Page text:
Sycamore, IL—Spring is in the air, the birds are singing, the days are warming up, and the flowers are blooming… well, not all the flowers. In fact, there’s one in particular that holds out until it’s good and ready: the Shooting Star. Professor Paul Sorensen will share his passion for this prairie species during a lecture at the Midwest Museum of Natural History on Saturday, May 1 at 2:00 entitled “Shooting Star: the Prairie Plant with Attitude.” The lecture is free with museum admission.
In the wild, the Shooting Star (Dodecatheon meadia) takes a long time to mature due to short periods of growth and long periods of dormancy each year. When it finally does bloom, it does so reliably in early May. It is a plant for the patient gardener, taking five to seven years (or longer) to go from seed to blossom. Experiments under artificial growing conditions have shown that they can be manipulated to mature more quickly. However, the Shooting Star takes its time for a good reason. Join us on May 1 to learn more and find out where you can see this beautiful blossom!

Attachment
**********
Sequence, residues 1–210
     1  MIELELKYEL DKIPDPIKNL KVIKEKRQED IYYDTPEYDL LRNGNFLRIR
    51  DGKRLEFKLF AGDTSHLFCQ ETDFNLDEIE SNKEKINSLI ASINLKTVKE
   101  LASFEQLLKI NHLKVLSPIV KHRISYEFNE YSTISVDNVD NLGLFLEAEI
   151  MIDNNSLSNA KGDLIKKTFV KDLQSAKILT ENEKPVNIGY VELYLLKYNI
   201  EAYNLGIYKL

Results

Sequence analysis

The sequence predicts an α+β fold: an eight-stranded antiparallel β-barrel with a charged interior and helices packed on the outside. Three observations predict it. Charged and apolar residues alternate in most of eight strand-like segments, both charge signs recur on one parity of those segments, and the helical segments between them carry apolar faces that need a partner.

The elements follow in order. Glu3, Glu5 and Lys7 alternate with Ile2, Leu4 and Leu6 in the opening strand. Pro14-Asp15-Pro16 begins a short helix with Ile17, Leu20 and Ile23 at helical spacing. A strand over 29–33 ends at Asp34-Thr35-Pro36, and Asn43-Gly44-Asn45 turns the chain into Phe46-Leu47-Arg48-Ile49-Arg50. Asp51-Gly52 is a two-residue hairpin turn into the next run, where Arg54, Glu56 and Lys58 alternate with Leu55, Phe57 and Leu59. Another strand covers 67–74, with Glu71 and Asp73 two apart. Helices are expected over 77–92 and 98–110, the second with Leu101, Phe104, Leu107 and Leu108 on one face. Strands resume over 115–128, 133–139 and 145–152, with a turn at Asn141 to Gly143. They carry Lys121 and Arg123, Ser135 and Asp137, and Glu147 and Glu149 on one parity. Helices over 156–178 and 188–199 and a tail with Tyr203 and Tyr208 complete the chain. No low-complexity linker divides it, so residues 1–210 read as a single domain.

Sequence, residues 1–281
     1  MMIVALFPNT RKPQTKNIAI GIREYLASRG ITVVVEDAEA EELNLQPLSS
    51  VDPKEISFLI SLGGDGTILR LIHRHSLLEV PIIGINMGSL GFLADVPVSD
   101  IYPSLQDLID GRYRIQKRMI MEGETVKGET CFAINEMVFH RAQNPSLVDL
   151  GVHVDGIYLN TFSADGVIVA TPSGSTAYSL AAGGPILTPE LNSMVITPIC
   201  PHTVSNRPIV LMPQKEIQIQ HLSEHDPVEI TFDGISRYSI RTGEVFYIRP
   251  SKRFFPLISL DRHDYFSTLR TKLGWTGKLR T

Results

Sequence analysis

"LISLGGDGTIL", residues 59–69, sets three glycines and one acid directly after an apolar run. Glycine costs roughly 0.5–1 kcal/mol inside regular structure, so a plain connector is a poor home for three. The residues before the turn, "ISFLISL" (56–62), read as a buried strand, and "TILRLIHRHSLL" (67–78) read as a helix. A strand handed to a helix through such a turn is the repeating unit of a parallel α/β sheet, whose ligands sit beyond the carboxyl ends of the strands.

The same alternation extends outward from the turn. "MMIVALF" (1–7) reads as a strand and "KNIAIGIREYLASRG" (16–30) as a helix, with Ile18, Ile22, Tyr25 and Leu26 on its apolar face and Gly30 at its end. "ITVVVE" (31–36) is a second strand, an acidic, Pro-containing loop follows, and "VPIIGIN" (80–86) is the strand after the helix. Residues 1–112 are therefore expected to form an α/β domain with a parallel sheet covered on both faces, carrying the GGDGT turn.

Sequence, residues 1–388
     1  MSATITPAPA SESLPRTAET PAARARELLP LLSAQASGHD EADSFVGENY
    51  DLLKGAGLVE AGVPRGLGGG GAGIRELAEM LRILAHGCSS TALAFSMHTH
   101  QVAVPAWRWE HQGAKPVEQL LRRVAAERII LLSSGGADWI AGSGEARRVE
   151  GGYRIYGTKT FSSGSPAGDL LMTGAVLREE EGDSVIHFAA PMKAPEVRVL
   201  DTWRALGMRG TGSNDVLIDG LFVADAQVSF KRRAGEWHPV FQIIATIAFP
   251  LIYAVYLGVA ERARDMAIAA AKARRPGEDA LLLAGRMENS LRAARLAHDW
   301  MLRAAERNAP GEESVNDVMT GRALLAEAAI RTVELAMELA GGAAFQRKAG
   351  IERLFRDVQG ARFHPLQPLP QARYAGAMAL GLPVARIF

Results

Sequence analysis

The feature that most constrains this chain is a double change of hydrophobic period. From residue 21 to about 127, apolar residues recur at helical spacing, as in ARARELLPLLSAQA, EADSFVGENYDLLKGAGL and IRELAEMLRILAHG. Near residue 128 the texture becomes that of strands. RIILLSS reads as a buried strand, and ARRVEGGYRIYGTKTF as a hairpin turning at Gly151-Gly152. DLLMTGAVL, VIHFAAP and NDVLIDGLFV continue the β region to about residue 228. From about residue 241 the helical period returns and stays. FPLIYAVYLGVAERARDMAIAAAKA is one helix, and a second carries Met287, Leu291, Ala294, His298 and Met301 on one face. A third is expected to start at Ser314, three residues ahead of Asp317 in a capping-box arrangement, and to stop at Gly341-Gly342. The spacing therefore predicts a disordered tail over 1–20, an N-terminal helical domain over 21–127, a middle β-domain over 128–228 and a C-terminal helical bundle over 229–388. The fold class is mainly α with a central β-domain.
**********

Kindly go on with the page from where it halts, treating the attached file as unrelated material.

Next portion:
Paul Sorensen earned his PhD from the University of Iowa. He is a professor emeritus in the Biological Sciences Department at Northern Illinois University, Curator of the NIU Herbarium, and the Curator of Botany at Burpee Museum of Natural History in Rockford.
The Midwest Museum of Natural History is a non-profit organization. Our mission is to inspire an appreciation for the great diversity of the natural environment and human culture through education and recreation. To learn more about The Midwest Museum of Natural History, visit www.mmnh.org.